A car picnic goes perfect with a peaceful drive
This secret date saw us driving around the most unbelievable scenery for thirteen hours. We stopped wherever we fancied, from an interesting town or village, to a spectacular viewpoint. When we saw a particularly great place to pull over, we enjoyed a car picnic. What a fantastic way to spend a day with your partner!
Our first stop was the local supermarket, to get our car picnic supplies. Either get together some items from home, or get it all on the day from a supermarket or delicatessen. Don’t forget the cutlery, like we did! You will need drinks, sandwiches or wraps, lots of bite-size food, and of course some sweet treats.
For our driving route, we took a roughly circular tour of the northern Peak District. We chose to do this as it included a lot of places that we have never been to before. We started the route in Bakewell. The drive there is through very familiar roads, passing the Roaches, and some beautiful, if bumpy, country roads. The northern part of the Peak District is known as the Dark Peak. This is because a lot of the landscape is browner in colour than the green White Peak that we are more familiar with.
You can’t pass Bakewell without getting a Bakewell Tart
Parking in Bakewell is quite limited, since there are hardly any free parking spaces. The main purpose of our stop was to visit the Original Bakewell Pudding Shop. This historic shop is the site of the very first ever shop to sell bakewell puddings. The puddings are meant to be served hot, with custard or cream. However, we wanted to take ours away to eat with our car picnic. Therefore, we went with a Bakewell Tart each. Not the site where it was invented, but still in the village at least! A slice of Bakewell Tart was an eye-watering £2.50, but we couldn’t resist getting one each. Amy had an iced one, whilst I had a flaked one.
Our drive took us through Ashford-in-the-Water, where we have seen a Well Dressing in the past, to Monsal Head. This is an absolutely gorgeous viewpoint. All we did was admire the view from the platform at the top, and then went down three jutting stones masquerading as steps to a lower viewpoint. The view is sensational. You can see all the way down Monsal Dale and up the Wye Valley, with the river winding through a steep and rocky valley. There is also a mighty impressive viaduct.
After descending into a dark, claustrophobic gorge, we pulled up in Eyam. We last visited Eyam at the end of a charity holiday back in 2010. We parked up by Eyam Parish Church, which looked suitably old. Right away in the churchyard, we found a very cool sundial from 1775, and an eighth century Saxon Cross with celtic designs.
Eyam Parish Church is well worth a visit
The door was open, so we went inside. It turns out it is a brilliant place to visit. This medieval church was a key location in the sad story of the village, that led to it being known as the plague village. It is very atmospheric, with wall paintings high up in the Nave, and two fonts. One is from Norman times, and the other from Saxon times. They have a few items relating to the plague. These include a brilliant stained glass window that tells the story, a plague cupboard, the chair and pulpit used by the heroic rector Mompesson, and the register of plague victims. There is also a brilliant exhibition about the story of the plague, which was very informative.
It is a brilliant, and free, alternative to the Eyam Museum, where we went on our previous visit. Outside in the churchyard is the tomb of Mompesson’s wife, and the previous Reverend. It is assumed that he would have been influential in persuading the village to stay confined. We couldn’t resist pulling over in Stoney Middleton to see its imposing crags either side of the road. There is a sign telling why one part of it is now known as Lover’s Leap. A girl jumped from the cliff due to being rejected by a man, but survived due to her petticoat acting as a parachute.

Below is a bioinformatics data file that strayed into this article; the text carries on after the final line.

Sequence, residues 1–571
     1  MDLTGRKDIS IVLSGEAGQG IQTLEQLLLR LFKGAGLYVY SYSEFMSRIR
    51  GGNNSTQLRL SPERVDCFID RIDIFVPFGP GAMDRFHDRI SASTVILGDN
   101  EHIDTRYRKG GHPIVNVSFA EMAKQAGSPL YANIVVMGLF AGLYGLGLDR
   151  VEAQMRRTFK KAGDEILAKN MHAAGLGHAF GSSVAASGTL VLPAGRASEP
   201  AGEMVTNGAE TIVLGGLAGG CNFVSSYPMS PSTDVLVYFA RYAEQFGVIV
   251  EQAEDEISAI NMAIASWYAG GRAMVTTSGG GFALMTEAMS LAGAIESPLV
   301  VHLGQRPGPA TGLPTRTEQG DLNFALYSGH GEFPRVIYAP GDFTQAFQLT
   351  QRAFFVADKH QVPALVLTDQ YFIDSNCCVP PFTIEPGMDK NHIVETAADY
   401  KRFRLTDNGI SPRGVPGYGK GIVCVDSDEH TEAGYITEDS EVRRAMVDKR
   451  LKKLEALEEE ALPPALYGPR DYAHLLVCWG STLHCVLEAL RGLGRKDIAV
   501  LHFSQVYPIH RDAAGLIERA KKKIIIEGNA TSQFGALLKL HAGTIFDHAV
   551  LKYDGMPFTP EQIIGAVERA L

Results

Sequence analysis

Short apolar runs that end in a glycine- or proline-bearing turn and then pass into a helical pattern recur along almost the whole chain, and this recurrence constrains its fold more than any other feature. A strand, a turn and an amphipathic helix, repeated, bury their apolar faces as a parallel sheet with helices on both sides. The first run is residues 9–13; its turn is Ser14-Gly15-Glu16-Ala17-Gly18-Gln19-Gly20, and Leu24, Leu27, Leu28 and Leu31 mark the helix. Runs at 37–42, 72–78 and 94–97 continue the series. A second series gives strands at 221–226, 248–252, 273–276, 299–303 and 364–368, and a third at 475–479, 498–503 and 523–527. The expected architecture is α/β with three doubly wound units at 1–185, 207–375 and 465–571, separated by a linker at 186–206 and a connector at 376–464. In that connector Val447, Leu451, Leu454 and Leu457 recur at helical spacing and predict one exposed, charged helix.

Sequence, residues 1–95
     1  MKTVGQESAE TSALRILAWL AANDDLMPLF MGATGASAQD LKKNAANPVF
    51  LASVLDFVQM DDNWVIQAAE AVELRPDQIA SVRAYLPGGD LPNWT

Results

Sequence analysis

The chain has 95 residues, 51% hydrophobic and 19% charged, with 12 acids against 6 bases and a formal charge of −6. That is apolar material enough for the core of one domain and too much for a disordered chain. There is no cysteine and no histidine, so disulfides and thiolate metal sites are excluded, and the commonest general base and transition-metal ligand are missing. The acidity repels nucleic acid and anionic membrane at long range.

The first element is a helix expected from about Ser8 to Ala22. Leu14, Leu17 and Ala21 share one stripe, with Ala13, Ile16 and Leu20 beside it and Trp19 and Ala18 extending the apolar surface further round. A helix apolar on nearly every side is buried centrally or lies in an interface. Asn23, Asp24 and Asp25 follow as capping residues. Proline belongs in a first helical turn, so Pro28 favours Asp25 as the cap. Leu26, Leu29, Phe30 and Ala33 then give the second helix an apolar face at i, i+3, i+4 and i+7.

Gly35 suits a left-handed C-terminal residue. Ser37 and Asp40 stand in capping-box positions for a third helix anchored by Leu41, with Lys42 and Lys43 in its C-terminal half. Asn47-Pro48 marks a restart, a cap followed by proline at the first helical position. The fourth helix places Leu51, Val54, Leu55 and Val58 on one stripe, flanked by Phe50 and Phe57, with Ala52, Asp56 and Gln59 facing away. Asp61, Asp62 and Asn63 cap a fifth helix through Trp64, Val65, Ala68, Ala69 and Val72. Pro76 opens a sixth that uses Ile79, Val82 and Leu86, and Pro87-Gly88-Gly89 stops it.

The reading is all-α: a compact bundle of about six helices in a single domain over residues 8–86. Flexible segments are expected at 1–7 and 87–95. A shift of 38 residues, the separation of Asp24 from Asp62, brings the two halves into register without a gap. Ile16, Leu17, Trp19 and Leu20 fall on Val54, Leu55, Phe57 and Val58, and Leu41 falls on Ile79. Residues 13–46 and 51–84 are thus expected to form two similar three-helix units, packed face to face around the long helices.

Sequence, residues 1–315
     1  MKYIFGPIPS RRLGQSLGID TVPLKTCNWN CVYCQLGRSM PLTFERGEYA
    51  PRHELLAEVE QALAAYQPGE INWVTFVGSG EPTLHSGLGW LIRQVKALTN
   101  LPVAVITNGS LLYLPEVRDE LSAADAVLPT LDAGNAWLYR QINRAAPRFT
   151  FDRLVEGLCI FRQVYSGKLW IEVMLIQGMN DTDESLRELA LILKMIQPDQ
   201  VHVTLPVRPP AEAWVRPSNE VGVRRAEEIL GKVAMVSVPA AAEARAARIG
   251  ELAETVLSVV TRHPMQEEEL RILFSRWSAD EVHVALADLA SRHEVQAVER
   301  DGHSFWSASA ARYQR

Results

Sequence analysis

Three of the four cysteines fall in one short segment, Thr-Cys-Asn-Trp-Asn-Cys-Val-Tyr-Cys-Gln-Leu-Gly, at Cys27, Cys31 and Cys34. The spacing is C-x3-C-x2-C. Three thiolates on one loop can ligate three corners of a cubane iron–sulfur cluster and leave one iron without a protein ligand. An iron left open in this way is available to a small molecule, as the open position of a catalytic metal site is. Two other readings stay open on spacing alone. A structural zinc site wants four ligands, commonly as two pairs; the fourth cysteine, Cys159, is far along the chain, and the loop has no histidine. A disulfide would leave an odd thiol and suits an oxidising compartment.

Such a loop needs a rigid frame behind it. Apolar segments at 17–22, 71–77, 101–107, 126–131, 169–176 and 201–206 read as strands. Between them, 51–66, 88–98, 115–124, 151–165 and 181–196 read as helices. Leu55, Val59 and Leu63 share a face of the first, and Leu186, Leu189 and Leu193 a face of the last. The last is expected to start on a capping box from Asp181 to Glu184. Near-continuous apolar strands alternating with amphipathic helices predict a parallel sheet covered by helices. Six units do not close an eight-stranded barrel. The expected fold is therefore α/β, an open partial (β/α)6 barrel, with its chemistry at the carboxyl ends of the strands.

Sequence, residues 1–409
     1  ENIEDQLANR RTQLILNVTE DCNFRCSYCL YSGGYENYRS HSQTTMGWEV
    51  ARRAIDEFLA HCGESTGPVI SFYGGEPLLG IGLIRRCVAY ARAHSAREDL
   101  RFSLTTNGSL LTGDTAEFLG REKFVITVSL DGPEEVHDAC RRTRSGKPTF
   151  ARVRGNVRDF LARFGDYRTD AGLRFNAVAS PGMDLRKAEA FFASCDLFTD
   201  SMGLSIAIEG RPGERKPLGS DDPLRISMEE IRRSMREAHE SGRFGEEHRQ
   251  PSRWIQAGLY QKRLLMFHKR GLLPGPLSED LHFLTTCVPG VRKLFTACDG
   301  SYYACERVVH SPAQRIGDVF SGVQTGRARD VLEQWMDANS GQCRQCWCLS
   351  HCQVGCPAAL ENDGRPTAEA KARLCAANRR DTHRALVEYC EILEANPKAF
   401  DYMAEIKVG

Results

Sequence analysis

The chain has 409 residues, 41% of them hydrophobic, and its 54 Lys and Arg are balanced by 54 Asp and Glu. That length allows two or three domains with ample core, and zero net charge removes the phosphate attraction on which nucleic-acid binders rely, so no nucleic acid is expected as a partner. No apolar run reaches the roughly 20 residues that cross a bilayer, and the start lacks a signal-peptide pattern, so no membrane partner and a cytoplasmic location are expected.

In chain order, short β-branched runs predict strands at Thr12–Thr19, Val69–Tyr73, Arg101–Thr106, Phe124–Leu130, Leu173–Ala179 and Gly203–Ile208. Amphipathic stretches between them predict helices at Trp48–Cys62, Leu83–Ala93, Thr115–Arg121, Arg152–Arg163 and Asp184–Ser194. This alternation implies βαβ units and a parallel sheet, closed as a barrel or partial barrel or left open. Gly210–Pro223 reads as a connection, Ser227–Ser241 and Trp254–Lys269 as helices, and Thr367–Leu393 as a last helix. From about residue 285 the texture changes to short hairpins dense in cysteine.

Wooden Pole? Really?
The road then climbed up to the open moors where we came across Wooden Pole. We have passed this many times on our way to Sheffield, and always been really intrigued why this wooden pole has a National Trust sign directing people to it. We couldn’t resist pulling over to check it out. Unbelievably, a wooden pole, and a rather flimsy one at that, was all it is. There is no information board to go alongside the fancy National Trust sign to say what its significance was. Maybe it is a hoax, or maybe an historic boundary marker? There was at least one other guy lured in by the National Trust sign unwittingly.
Soon enough, we came to our chosen car picnic spot, on Ringinglow Road. The parking space had enough room to set up our chairs, and pretty decent views of the rocks and crags too. Unfortunately, the wind was a bit on the cold side. Therefore, we actually ended up deciding to eat our car picnic in the car. We still had the great views, and it was warmer. We ate a lot of food. The wraps were filling enough, and then we had half of a box of cocktail sausages, salad, and chicken bites. I had a scotch egg too. We also finished off one of our bottles of Schweppes, which was lemon and elderflower flavour. Although we were pretty full by now, we couldn’t resist eating our Bakewell Tarts. They were absolutely delicious, and worth the splurge.
Reservoirs and countryside make for a relaxing drive
The road kept winding around some very open dark moors, eventually crossing Sheffield in just thirty-odd seconds. It then drops steeply and dramatically, with beautiful, green views all around. We ended up going down Mortimer Road. This is a very long moorland road which feels extremely remote, passing over some stone bridges. It feels as close to nature as a road can get. We then passed the Midhope Reservoir and the remote hamlet of Upper Midhope, to get to Langsett Reservoir. We passed many reservoirs today, and they were all stunning.